• ZISK

Sorting out snaplage

John Goeser


November 10, 2021



There are certain practices or technologies that seem to be heavily debated or discussed over the course of time. Kernel processing score and corn hybrid selection are two different topics that come to mind lately and have elicited questions and strong opinions. Snaplage is another, as it gains popularity among farmers but creates wide-ranging opinions among nutritionists.


The beauty in snaplage lies in the farmer’s ability to run their self-propelled forage harvester, fitted with a grain head, after corn silage harvest. Other benefits include harvesting more yield than shelled corn, improving the fermentation potential relative to shelled corn, and bringing some additional fiber in the diet with lower forage diets.


The drawbacks to snaplage are reduced energy density relative to shelled corn, the need to adequately ferment and process the grain for optimal performance, and correctly timing harvest to optimize starch yield and snaplage digestibility. This last drawback is often debated and is the focal point of this article because there is still uncertainty that exists within the industry.

Focus on starch


Timing harvest for corn silage, snaplage, or high-moisture corn is a balance between kernel maturity and crop moisture. For each of these feeds, the harvest timing and processing are extremely influential factors for starch content, digestibility, and feeding value.


To be clear, good-feeding silage, snaplage, or high-moisture corn are driven by their starch component. Fiber digestibility is important with silage, but new corn silage feeds worse than well-fermented silage because starch digestibility improves with time in storage.


As the corn plant approaches the R5 stage and the kernel is roughly half milkline, the starch content and whole-plant moisture are generally ideal for silage. However, with healthier plants, we’ve recognized advancing kernel maturity while the stover and whole-plant moisture may not be ideal yet. This situation appears to have played out in many cornfields during this past year, as Rock River Laboratory’s database is suggesting harder grain in silage and lower rumen starch digestibility for green-chopped corn. This observation relates to kernel maturity and grain hardness.

On the other end of the spectrum, as corn grain passes black layer and dries to 20% moisture or less, the starch digestibility drops off dramatically due to limited or nonexistent fermentation potential. Homing in on snaplage, we aim to balance starch content, digestibility, and fermentation potential as the corn plant advances through R5 and closer to black layer.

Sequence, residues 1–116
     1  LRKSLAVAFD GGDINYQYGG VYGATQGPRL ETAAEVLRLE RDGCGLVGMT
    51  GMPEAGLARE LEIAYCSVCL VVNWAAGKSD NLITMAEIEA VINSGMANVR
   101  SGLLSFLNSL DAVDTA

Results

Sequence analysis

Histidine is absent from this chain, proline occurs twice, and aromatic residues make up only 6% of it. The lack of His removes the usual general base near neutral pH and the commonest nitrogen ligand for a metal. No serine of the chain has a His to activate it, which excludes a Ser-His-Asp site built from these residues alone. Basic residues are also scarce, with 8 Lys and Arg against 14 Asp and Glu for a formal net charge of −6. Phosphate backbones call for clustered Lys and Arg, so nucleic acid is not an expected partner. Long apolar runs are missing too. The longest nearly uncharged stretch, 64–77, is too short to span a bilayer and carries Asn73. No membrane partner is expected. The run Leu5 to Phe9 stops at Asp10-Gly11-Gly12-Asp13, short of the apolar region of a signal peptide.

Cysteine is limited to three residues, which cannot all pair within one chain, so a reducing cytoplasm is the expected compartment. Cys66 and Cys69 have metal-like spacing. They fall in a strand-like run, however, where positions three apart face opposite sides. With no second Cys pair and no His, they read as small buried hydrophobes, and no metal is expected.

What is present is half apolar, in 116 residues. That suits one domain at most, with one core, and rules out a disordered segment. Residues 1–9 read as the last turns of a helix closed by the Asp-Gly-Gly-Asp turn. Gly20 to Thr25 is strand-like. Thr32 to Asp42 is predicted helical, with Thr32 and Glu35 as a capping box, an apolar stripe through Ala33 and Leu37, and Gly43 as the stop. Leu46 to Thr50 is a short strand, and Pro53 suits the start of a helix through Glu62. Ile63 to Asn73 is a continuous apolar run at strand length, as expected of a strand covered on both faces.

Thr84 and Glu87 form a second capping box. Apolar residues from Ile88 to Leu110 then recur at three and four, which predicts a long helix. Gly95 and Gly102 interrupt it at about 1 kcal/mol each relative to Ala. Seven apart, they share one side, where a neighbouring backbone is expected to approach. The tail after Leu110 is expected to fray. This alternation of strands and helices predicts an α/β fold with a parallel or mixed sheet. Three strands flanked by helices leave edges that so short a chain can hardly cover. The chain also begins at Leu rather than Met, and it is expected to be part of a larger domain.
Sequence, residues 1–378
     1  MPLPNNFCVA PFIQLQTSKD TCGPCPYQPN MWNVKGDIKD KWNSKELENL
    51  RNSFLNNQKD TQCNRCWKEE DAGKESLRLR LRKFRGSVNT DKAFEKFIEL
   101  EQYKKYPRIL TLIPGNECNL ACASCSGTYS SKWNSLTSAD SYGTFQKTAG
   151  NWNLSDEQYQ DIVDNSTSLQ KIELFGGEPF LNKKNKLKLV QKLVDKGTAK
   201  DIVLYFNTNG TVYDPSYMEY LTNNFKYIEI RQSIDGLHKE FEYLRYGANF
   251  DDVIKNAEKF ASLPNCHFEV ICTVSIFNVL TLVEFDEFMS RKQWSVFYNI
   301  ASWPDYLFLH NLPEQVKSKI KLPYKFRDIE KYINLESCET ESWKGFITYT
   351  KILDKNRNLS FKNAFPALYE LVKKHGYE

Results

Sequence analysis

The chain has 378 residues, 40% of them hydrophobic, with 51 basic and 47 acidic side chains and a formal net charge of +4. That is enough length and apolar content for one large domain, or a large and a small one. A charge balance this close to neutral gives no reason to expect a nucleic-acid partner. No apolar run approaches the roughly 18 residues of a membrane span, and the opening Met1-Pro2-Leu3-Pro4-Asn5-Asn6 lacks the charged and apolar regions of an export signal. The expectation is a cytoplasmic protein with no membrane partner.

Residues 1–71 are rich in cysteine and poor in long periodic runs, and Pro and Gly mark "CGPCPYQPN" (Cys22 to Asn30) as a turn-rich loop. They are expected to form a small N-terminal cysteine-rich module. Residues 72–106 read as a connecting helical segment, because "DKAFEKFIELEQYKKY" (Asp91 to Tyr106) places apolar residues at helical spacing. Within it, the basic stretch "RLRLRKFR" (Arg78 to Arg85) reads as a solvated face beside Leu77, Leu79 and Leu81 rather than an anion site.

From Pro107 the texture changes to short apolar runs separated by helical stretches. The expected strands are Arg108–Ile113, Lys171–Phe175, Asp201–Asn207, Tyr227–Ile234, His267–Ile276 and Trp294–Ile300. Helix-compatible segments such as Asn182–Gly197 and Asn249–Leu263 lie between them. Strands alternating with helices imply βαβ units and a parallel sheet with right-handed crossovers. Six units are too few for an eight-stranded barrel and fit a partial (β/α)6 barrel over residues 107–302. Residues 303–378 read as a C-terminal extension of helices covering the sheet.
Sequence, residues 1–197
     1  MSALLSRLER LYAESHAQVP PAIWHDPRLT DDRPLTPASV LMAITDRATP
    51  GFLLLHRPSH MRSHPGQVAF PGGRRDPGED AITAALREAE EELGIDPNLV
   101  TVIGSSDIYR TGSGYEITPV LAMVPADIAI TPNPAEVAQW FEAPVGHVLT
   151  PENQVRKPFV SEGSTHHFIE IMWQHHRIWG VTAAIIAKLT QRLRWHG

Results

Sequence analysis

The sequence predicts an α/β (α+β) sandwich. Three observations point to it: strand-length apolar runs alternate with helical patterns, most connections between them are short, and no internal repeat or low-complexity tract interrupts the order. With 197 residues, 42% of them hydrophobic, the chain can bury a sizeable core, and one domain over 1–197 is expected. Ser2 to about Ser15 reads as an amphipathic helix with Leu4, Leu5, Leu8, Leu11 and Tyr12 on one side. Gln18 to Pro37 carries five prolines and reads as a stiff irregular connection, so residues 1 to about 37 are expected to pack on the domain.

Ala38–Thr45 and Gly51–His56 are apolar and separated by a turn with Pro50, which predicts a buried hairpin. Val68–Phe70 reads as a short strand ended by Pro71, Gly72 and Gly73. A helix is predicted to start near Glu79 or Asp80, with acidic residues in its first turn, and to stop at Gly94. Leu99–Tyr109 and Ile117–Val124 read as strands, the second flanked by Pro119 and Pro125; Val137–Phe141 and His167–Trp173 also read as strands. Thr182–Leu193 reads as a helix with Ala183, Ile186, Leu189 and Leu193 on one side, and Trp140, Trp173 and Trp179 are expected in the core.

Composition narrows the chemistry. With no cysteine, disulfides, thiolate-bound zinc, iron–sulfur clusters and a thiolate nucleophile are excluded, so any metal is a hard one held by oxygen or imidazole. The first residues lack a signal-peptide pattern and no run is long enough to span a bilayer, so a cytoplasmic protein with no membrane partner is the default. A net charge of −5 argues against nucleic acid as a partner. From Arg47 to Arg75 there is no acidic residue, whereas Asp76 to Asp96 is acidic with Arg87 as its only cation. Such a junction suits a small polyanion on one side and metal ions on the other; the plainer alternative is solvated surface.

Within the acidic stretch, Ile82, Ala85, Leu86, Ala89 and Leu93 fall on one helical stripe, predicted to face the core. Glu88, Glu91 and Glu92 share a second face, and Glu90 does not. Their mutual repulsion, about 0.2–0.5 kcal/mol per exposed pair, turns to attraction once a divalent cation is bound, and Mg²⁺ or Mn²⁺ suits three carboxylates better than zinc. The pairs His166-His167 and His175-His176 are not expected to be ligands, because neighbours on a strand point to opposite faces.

Leaning again on the Rock River Laboratory database, we can visualize the changes in snaplage quality as dry matter content increases in the feed and moisture drops. As the corn crop progresses past R5 and silage maturity, the ear continues to deposit starch in the grain as it matures. Figure 1 details how starch content in snaplage plateaus around 55% to 60% dry matter. At this point, the grain has likely reached black layer, and no more starch is deposited. So, there is no point to letting this feed dry further, recognizing we depend upon fermentation for feeding value.


A suitable proxy


Understanding feeding value and its ties to rumen digestibility, we can transition to visualizing soluble crude protein (CP) and rumen starch digestibility. Prior to direct rumen starch digestibility measures, we recognized that soluble crude protein is an effective indicator for fermentation extent in the silo. The more effective the fermentation, the greater the soluble protein content.


Figure 2 highlights how reductions in soluble protein begins around 55% dry matter, or 45% moisture. This image suggests that fermentation is likely limited when harvesting at 40% moisture or less. Figure 3 focuses on rumen starch digestibility. Rumen starch digestibility mirrors soluble CP and clearly depicts that below 35% to 40% moisture will correspond to less digestible starch. The optimal starch digestibility appears in the 40% to 50% moisture window.


Weaving the three figures and observations together, the optimal dry matter content for snaplage appears to be around 55% to 60%. At this point, the corn crop has achieved a high starch level along with near optimal fermentation potential and starch digestibility.


Bear in mind that kernel processing and ensuring effective fermentation are also critical aspects with snaplage. Do not cut corners, especially during high grain price times. The corn crop may present the potential, but if kernel processing or fermentation are limited, then the feeding potential will not be fully realized. Think of this like having a flat tire on your 1,000 horsepower forage harvester.


The author is the director of nutrition research and innovation with Rock River Lab Inc, and adjunct assistant professor, University of Wisconsin-Madison’s Dairy Science Department.


hayandforage.com